The Release of the 1940 Census

“The 1940 Census release is the most significant record to be made available to genealogists since 2002 with the release of the 1930 Census. This Census is an economic snapshot of the Great Depression, and a fascinating look at the United States on the eve of World War II.” — State Librarian, Caroline (Cal) Shephard, State Library of North Carolina.  

1940 Census poster, courtesy of the Library of Congress, Prints & Photographs Division.

The 1940 census was officially released by the National Archives on April 2, 2012. Unlike the release of previous census records on microfilm (you purchased in advance and it was shipped out on the day of release), this was the first census that was “made available as free digital images” at the National Archives and Records Administration (NARA) (http://1940census.archives.gov/). The Nebraska 1940 census index is now available online at https://familysearch.org/1940census/1940-census-nebraska/

The 1940 U.S. Census Community Project  is a joint initiative between NARA, Archives.com, FamilySearch.org, findmypast.com, ProQuest (HeritageQuest) and other leading genealogy organizations. Presently, the images for the entire 1940 census are browsable on the Project sites linked in the previous sentence and they are updating continually the availability of indexed states. These partners of NARA have enlisted a community of volunteers to index the census and thereby make a “free index of the census records and corresponding images“ that “will be available to the public for perpetuity.” Ancestry.com is indexing the 1940 census, but they have hired commercial keying vendors to index the census.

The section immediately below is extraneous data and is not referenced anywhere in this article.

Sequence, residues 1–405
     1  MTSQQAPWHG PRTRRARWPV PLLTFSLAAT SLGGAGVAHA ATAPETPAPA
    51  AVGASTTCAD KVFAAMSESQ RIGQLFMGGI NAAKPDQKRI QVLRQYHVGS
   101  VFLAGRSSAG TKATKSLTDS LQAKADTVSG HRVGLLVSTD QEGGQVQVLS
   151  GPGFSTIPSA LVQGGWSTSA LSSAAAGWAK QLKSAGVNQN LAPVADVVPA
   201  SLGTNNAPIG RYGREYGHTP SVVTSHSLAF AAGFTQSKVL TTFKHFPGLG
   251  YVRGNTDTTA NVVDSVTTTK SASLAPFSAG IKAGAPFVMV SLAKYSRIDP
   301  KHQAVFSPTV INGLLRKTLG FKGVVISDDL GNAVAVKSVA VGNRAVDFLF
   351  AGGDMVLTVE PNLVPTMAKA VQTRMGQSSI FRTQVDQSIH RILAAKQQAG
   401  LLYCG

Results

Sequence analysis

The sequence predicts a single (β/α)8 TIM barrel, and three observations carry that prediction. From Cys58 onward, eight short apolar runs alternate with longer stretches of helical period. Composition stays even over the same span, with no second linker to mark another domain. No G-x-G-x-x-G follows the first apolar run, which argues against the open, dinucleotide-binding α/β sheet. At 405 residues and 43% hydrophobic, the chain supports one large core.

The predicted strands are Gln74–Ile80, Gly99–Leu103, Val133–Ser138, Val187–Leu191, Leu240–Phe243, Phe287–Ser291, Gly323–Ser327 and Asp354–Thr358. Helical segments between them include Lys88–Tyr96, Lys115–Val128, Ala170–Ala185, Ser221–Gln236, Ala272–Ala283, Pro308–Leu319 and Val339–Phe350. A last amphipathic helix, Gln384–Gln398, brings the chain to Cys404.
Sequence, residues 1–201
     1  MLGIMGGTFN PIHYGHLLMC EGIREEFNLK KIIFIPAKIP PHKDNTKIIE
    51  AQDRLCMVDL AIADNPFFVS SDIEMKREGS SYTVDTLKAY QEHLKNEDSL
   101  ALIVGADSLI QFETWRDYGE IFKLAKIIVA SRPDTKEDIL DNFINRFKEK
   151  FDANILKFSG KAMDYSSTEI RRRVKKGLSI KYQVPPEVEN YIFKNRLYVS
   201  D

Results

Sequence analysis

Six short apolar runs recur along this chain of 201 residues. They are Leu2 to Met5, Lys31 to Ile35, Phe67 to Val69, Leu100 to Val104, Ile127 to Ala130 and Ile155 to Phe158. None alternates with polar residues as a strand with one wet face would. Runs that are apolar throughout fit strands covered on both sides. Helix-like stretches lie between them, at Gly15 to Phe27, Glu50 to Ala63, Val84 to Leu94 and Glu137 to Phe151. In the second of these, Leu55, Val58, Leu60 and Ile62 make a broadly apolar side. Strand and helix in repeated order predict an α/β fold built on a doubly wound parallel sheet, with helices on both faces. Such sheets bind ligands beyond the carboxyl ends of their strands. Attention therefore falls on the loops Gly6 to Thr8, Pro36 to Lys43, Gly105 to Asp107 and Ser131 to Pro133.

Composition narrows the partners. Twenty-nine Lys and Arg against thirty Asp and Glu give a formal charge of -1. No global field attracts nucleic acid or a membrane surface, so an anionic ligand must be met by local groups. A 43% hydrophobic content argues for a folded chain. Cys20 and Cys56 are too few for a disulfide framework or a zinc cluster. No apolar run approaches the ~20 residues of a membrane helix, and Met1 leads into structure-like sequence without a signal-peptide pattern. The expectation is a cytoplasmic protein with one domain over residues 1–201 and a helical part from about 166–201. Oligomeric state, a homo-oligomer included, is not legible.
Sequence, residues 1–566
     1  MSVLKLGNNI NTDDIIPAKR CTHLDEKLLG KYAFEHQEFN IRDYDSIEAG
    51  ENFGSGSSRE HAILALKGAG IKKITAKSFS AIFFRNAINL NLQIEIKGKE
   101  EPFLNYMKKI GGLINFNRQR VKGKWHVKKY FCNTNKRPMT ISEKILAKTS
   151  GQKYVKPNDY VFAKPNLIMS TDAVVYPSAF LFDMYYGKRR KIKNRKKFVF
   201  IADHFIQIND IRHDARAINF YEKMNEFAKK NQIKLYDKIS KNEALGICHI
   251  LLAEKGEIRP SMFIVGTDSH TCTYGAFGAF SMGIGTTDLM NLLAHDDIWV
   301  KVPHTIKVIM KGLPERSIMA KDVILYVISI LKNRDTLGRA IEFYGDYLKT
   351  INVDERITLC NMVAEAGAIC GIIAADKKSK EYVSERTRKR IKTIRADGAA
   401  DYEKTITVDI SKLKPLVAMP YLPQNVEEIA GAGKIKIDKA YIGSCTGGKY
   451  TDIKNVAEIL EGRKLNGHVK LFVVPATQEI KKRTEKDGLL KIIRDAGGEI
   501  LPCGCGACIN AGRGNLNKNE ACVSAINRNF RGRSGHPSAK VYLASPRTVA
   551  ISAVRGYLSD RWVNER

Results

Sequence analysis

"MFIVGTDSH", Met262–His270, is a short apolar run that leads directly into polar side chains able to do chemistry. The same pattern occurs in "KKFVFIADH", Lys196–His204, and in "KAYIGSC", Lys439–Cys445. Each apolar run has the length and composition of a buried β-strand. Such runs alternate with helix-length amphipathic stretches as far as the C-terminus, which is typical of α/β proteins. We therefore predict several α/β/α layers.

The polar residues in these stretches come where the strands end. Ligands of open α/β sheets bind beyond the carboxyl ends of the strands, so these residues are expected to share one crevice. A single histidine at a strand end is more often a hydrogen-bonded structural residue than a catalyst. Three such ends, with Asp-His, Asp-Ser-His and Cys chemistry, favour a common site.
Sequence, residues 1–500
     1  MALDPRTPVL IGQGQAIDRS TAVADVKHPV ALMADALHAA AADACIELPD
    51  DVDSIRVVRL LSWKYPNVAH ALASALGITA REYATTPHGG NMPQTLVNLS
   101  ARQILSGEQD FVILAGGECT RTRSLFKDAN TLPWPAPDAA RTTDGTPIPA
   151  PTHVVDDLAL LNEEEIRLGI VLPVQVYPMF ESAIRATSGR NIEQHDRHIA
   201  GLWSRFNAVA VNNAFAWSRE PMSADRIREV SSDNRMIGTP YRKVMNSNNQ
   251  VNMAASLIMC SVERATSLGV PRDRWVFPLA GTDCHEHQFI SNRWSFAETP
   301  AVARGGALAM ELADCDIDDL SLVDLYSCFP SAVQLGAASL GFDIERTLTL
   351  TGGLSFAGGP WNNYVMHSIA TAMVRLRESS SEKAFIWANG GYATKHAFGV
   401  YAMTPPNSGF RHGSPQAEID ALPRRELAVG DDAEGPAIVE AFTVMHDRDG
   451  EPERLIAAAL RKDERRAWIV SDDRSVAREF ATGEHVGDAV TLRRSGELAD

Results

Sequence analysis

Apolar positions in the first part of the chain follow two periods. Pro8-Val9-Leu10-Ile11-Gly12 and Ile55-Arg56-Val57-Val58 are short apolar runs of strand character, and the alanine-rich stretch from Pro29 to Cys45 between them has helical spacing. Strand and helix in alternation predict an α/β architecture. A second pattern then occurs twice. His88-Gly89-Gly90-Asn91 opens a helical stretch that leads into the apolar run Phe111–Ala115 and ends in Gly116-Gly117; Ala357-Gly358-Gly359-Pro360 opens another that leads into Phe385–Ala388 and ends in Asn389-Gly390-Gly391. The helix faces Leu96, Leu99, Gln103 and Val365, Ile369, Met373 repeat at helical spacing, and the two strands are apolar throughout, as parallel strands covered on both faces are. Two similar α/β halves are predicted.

The Nebraska History Library (NSHS) has 1940 Nebraska city directories and phone books (if they exist) for communities in Nebraska. These publications can help assist you in your research in the census by verifying street addresses for your ancestors who lived in larger communities in the state. The Nebraska Library Commission is posting online 1940 Nebraska White Pages from Nebraska phone books.

Frequently Asked Questions About the 1940 Census  has been posted on the NARA website.  We will be posting to our website some general information about using and locating the 1940 census online for Nebraska that will direct you to the sites listed in this blog as well as additional information as it becomes available (including when the index for Nebraska is completed). The Nebraska Library Commission has a web page devoted to the 1940 census that includes a link to another web page on their site titled Genealogy Sources for Nebraska.  You might also want to review other genealogical sources that the NSHS Library/Archives has available that might assist you in your 1940 census research that are listed in A Guide to Genealogical Research  at the Nebraska State Historical Society.